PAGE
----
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Hunt for British Museum stolen artefacts raises questions - Rosie Adcock in The Times

In The Times, Litigation Associate, Rosie Adcock comments the legal position of the Agatha Christie-style mystery of the estimated 1,500 to 2,000 missing treasures at the British Museum which are collectively thought to be worth tens of millions of pounds. 

Rosie Adcock, a notes that the Limitation Act 1980 stipulates that over time certain purchasers of stolen goods can be recognised legally as the owner. Adcock says: “Broadly speaking, this is engaged when there is a purchase unconnected to the theft . . . and more than six years passes following that purchase.”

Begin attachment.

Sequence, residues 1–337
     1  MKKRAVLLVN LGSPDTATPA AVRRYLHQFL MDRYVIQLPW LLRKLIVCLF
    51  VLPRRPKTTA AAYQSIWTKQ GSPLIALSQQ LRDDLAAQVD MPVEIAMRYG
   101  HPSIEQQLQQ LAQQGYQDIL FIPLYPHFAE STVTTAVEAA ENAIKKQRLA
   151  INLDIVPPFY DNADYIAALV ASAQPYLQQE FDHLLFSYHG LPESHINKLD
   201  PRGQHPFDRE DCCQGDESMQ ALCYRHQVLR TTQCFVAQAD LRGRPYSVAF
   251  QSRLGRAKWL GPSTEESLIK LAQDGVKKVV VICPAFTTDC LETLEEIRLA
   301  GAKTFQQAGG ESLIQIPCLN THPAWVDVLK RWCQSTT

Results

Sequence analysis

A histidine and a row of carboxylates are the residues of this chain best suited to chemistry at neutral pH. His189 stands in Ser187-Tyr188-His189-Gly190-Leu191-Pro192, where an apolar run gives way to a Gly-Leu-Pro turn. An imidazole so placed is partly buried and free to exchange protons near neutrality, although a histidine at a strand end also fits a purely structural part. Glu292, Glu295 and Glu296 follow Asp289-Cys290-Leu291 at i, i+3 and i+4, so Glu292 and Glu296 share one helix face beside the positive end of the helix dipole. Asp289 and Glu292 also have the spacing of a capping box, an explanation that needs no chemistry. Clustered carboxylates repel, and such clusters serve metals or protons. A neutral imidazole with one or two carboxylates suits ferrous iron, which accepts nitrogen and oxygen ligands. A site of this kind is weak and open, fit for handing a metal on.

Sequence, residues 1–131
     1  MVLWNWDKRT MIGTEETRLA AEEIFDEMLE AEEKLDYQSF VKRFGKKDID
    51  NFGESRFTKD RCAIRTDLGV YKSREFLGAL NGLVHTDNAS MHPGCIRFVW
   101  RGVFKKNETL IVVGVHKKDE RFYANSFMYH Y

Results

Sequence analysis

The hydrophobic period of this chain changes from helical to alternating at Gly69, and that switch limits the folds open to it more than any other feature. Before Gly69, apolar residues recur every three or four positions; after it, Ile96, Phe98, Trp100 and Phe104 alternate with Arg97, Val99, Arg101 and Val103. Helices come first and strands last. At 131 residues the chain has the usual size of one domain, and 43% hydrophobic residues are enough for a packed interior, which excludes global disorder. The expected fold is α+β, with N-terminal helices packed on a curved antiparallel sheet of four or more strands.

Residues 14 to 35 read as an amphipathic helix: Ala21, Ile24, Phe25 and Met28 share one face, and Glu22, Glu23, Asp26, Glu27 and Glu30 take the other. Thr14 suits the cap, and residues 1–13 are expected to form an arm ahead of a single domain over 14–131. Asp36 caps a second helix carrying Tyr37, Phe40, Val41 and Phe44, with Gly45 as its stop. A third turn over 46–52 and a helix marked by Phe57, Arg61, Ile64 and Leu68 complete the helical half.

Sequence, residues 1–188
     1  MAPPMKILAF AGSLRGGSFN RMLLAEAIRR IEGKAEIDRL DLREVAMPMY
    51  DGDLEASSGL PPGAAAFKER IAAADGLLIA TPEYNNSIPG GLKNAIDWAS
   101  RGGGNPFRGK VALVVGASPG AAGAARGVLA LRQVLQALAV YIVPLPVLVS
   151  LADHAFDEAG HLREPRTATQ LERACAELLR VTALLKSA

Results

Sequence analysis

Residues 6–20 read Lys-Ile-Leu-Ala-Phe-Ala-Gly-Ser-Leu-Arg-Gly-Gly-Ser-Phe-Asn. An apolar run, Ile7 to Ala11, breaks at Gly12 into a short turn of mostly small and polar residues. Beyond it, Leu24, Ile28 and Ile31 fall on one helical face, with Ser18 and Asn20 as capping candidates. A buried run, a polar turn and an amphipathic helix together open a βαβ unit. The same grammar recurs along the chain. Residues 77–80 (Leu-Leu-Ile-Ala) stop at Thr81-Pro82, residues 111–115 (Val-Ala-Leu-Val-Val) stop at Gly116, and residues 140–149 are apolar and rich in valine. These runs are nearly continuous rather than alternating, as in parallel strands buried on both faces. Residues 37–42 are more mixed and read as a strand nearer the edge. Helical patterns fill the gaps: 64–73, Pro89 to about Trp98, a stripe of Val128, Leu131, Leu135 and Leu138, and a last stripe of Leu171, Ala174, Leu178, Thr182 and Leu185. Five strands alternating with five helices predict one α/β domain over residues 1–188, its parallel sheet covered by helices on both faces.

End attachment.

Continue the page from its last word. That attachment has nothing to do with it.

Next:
Read the full article in The Times (paywall) here.

Rosie sheds some more light on the British Museum artefact thefts and what happens if you accidentally purchase a stolen artwork artefact in a blog post here.

Nerves around the cloistered world of antiquities will be frayed to breaking point over the Agatha Christie-style mystery of the missing treasures at the British Museum. The latest development in the tale is that some of the gemstones and jewels have been recovered. But the institution continues to face mounting pressure to disclose exactly how many artefacts are lost and what they are. About 2,000 — many uncatalogued — are reported to have been plundered and possibly sold over two decades. Those sales will eventually be preoccupying the museum’s lawyers. Art law experts point out that whether the criminal law can be invoked will depend on who bought the allegedly pilfered artefacts and when.


art law, art, art litigation, litigation, dispute resolution